If you have a more modest budget, one of the most important things is to make sure that the shower area is easily accessible. For example, some showers require a person to step up in order to enter the shower, while others are just walk-in showers. Whichever kind of shower you choose, it is important to note that it will have to be well installed in order to prevent leaks. Another method of controlling bathroom remodeling costs could be instead of replacing your tub and all the wall tiles, you could look into a tub and wall unit that fits right over an existing tub and wall. By using this technique and for a few hundred dollars the area can look as if it is brand-new. The alternative is replacing everything, which could run into the thousands.
Failing to Refreshing – Before. Leaky pipes, a falling towel rack and other functional issues pushed this homeowner to start imagining a new space. After. A mellow blue and white palette for the walls and vanity complements the new shower tile and vanity countertop. Lynott had the contractor remove everything that existed in the space and found materials that gave her an elevated look for less. For example, she used porcelain tile in the shower instead of marble and used imitation marble tiles on the floor.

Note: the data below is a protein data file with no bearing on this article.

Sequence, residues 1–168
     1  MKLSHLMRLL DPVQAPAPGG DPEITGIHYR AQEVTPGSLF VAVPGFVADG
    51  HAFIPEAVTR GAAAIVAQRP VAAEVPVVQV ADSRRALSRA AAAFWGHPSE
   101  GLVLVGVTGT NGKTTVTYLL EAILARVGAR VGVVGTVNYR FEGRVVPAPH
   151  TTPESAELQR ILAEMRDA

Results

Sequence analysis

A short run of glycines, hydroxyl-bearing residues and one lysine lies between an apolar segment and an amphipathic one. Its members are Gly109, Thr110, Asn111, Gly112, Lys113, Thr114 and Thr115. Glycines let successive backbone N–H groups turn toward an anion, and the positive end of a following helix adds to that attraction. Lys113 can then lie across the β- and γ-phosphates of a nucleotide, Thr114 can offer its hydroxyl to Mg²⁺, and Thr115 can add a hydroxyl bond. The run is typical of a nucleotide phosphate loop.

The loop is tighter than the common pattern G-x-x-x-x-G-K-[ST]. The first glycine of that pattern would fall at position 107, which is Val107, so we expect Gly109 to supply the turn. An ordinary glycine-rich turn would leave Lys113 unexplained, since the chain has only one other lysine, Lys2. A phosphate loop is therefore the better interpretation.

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Unused Space to Oasis – Before. The patio outside the master bathroom wasn’t being used, so the homeowners decided to turn it into an outdoor shower as part of their bathroom remodel. After. Frosted glass walls give the California homeowners privacy while they enjoy their new outdoor showering oasis. Designers Sol Quintana Wagoner and Marisela Contreras of Jackson Design & Remodeling used weatherproof materials and hardware to keep this extended bathing space looking great and working well.
Dark to Light – Before. Even accounting for the fact that this reference photo was snapped without a flash, the dark finish on the walls and countertops made the bathroom feel small and cramped. After. A new color palette made all the difference, making the space feel light, airy and downright delightful. The client didn’t want an all-white bathroom that felt stark, so designer Laura Hay chose whites that had a more warm, limestone look. Other than the color, the family also updated the windows, vanity, sink, tub-shower combo and mirror.
Cumbersome to Practical – Before. Baby blue tile lined a shower that leaked. After. Bright white wall tiles and a glass tub-shower enclosure update the room and brighten up the once-dark space. Kate Dickson, principal of Kate Dickson Design, started the redesign by introducing the floor tile to the clients. They loved it right away.